Astra suspension settings for the UK were honed on North Wales roads where, no surprise, the local media launch was held. The new cars corner more precisely and flatter than their predecessors but still ride well

Astra suspension settings for the UK were honed on North Wales roads where, no surprise, the local media launch was held. The new cars corner more precisely and flatter than their predecessors but still ride well

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Executives' pride in Vauxhall's Ellesmere Port plant having secured the contract to be the lead factory for the new generation Astra was palpable at the UK media launch. It was clear that union flexibility was the key to the British plant getting the nod over the Germans - securing 2,000 automaker and supplier jobs until at least 2020 - and led to Bochum, instead of Ellesmere Port, facing the axe. No more British built Astras would also have meant no more British Vauxhall cars (the former Luton car plant is now a development site) and no more Ellesmere Port.

This latest Astra was designed by a team led by Britons Mark Adams and Malcom Ward. Vauxhall/Opel design director Ward has followed in the footsteps of both his father and grandfather who worked at Vauxhall. The factory, near Liverpool in north west England, is a major exporter with 52% of production going to 25 European markets. At full production it is estimated the plant will build around 680 cars per day and 120,000 per year. It takes about 24 hours to build an Astra, from sheet steel to the finished article, although once the plant reaches its final running speed this is expected to be down to just 22 hours.

The other Astra plant in Europe is Gliwice, Poland which will continue building the current Astra GTC/VXR till mid-2016 and the 'old' three-door models will continue to be sold alongside the new-generation five-door hatchback and Sports Tourer wagon/estate for a while. The next generation Opel Astra OPC and Vauxhall Astra VXR to be launched in 2016 or 2017, powered by a turbocharged 1.6-litre petrol engine, will change body styles and have five doors as the GTC (three-door) will not be replaced - it is most popular here in the UK.

Local content in the British built cars has doubled from around 12% to 25% though big ticket items like the engine/transmission continue to be imported from Europe. That means a 38% increase in spending with UK suppliers over the life of this model generation - estimated at GBP1.4bn. Without being specific, Vauxhall told us they have been working with other UK automakers like JLR and Toyota to get parts volumes up enough for suppliers to justify making new lines here in the UK, rather than importing them, usefully shortening the supply chain.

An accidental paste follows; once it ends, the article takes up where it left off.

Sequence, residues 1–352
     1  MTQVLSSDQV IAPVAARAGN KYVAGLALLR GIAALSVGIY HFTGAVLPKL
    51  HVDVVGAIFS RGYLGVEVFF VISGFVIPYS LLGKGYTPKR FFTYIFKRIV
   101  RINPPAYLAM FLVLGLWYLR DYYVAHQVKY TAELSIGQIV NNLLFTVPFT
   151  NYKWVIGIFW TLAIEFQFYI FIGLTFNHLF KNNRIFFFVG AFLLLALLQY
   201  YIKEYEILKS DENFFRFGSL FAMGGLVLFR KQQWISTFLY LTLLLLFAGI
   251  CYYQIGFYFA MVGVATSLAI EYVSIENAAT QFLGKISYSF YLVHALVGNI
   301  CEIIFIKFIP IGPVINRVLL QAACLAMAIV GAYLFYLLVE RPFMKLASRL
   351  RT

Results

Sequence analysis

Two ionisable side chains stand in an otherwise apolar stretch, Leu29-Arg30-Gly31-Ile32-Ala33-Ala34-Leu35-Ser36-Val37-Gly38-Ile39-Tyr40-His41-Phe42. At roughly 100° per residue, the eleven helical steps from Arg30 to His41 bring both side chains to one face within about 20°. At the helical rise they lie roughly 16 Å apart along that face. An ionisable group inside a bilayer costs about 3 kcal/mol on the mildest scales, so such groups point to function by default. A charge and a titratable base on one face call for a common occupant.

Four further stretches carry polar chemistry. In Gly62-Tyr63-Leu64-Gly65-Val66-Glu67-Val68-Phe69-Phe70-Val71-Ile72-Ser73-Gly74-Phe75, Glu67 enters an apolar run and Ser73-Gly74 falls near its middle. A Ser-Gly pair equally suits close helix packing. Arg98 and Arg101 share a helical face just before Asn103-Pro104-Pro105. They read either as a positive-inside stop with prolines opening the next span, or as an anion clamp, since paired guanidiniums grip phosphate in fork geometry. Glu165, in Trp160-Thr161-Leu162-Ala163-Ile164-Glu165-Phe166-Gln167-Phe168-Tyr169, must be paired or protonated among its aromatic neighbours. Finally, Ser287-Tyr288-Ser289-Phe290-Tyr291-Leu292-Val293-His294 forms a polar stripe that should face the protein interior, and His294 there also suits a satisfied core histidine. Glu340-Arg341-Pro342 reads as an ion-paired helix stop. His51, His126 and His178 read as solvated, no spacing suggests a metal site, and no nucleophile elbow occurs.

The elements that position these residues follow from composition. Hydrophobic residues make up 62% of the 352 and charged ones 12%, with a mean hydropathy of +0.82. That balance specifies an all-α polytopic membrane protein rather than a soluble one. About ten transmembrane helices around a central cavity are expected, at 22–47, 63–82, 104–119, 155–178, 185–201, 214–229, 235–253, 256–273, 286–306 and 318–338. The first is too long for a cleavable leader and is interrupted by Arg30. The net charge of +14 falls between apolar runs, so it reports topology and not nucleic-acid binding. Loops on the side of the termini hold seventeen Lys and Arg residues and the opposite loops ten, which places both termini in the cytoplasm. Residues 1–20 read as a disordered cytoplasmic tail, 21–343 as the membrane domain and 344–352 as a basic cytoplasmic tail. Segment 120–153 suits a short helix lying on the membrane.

History and market

Astra as a Vauxhall nameplate dates back to the T80 'Mark 1', Opel/Vauxhall's first front-drive car. Production started at Bochum in 1980 and Ellesmere Port followed. Production there effectively replaced the rear wheel drive Vauxhall Viva and T-car platform Chevette 'world car'. The Astra is a world car too, sold in many markets as an Opel, Vauxhall, Holden and, in China, where it is locally made, as one of two generations of Buick Estelle concurrently on sale. GM reckons 12m European Astras alone have since been sold (the new one is generation seven), 3m of those in the UK, and that 28% of Britons have driven at least one. Astra accounts for 12% of UK C-segment sales against key rivals Ford Focus and Volkswagen Golf. Customer profile is "very diverse" and fleet/retail split is 70/30.

This is the first new Opel/Vauxhall to be available with OnStar, GM's personal connectivity and service assistant which offers a range of safety and comfort services broadly similar to those in the US. If an airbag deploys, OnStar is alerted automatically and an advisor will then contact the vehicle to determine whether help is required. If there is no response, emergency responders are immediately sent to the location of the vehicle. Drivers and passengers can reach OnStar 24/7 and 365 days a year and the system also makes the Astra a 4G LTE mobile Wi-Fi hotspot. Up to seven devices, from smartphones to tablets, can be connected simultaneously and, for those with privacy concerns, it is possible to turn the vehicle locator off, unless help is required.

A new generation of the IntelliLink infotainment system also makes its debut in the Astra. It is compatible with Android Auto and Apple CarPlay. Each system builds off the features smartphone users rely on most. Android Auto is built around Google Maps, Google Now and the ability to talk to Google, as well as a growing audio and messaging app ecosystem that includes WhatsApp, Skype, Google Play Music, Spotify, and podcast players. Apple CarPlay takes the iPhone features that occupants would want access to while driving and puts them on the vehicle’s display. This allows drivers to make calls, send and receive messages and listen to music from the touchscreen or by voice via Siri. Apple CarPlay supported apps include Phone, Messages, Maps, Music and compatible third party apps. The functions can be controlled via an up to eight-inch touchscreen located high on the centre stack, via remote control on the steering wheel (volume) or via voice control.

Body design and production talking points include very sharp radii side creases and laser brazing so no roof rail is required to cover a seam seal.  As well as making the new Astra slightly smaller than its predecessor (5cm shorter, 2.5cm lower on a wheelbase 2cm shorter), GM Europe has also made it 120kg-200kg lighter with 80kg alone coming out of the body in white (reduced by 20 per cent from 357kg to 280kg) and 50kg from the chassis through the use of high-strength and ultra-high-strength low-weight steels, more compact subframes and weight reductions to the front and rear axle. Brake size was reduced and front-rear weight distribution is now 60/40 - "perfect for front wheel drive cars", we were told. Further size- and mass-optimisation measures included: lighter engines (thanks to its aluminium block, the new 1.4-litre ECOTEC engine is 10kg lighter than the cast-iron block of its predecessor), lighter exhaust system (11.5kg), smaller wheels and tyres (up to 11.5kg less) and 10kg from the aforementioned smaller brakes (with better braking performance. The new seats are smaller and 10kg lighter thanks to new packaging, lighter polyurethane foams and ultra-high-strength steels. Drag coefficient is 0.285, compared with 0.325 for the outgoing model.